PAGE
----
By Special Guest Writer
CEO and Owner, Center for Trauma, Anxiety, and Stress, Inc.
The word “culture” can mean a lot of different things. Typically, it’s used to represent the shared beliefs, attitudes, values, and traditions of racial, religious, or social groups. Less recognized, however, is the existence of culture as it pertains to certain occupations. This is especially true for first responders.
First responder culture did not develop out of thin air, and like most things, it exists for a reason. The shared culture is a vital tool that can keep first responders functioning as a finely tuned, well-oiled machine. In some cases, the culture can even protect lives. But just like anything else, too much of something is generally not a good thing, and instead, “moderation is key”. In my line of work with first responders, I find that many start running into trouble when they find themselves too immersed in the culture, which can lead to a range of short- and long-term issues. Although not exhaustive, the following are some aspects of first responder culture that can result in negative consequences when the scales are tipped.
Tradition and Pride
Themes of tradition and pride are omnipresent among first responders. It’s not uncommon for someone to have a deep familial history in the occupation dating back several generations. Also not uncommon is that for some, being a first responder becomes their identity. Deriving a deep sense of purpose from one’s career is not a bad thing; in fact, in some cases, it can actually serve as a protective factor and prevent issues with mental health (Malone et al., 2000).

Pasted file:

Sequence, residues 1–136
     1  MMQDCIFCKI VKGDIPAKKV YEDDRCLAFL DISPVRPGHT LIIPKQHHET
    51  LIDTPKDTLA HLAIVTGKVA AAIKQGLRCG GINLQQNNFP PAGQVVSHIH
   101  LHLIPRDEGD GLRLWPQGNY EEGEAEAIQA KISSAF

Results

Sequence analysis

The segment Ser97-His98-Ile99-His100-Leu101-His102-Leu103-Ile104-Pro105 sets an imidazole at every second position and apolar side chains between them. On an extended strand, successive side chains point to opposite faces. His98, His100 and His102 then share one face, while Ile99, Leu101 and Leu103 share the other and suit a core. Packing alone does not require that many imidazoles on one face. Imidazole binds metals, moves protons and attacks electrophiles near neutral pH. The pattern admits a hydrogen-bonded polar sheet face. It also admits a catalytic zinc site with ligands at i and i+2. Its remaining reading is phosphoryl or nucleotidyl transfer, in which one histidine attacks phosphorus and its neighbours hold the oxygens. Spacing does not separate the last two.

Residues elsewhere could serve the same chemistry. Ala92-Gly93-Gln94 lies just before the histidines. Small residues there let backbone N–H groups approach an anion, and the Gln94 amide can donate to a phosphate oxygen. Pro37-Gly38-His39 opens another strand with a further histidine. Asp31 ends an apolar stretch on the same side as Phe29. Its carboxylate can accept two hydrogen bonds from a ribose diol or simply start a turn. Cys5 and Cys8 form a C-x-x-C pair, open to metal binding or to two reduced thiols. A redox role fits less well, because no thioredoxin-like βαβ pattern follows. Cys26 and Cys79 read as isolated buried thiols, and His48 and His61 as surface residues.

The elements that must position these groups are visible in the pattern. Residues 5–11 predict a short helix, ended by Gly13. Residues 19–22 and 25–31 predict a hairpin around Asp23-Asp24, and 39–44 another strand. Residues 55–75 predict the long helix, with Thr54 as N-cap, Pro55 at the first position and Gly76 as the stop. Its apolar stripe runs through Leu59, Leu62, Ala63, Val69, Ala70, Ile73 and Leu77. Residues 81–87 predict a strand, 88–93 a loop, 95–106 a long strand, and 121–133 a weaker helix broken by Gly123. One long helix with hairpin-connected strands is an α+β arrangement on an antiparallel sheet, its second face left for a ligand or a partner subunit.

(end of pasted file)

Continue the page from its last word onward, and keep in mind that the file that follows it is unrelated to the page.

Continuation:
However, problems may arise if someone finds themselves in the situation where being a first responder is their only identity. This can be particularly dangerous when someone is retiring from the profession, has to take medical leave due to injury or illness, or when they voluntarily leave the profession for personal reasons. I’ve worked with many first responders who describe feeling lost, unfulfilled, forgotten, alone, and lacking purpose as they transition from being a first responder to being a civilian. Indeed, it is no coincidence that rates of mental illness, such as PTSD, significantly rise after retirement (Berninger et al., 2010). While having a sense of connection to your identity within the profession can be a good thing, not knowing who you are outside of the profession is not.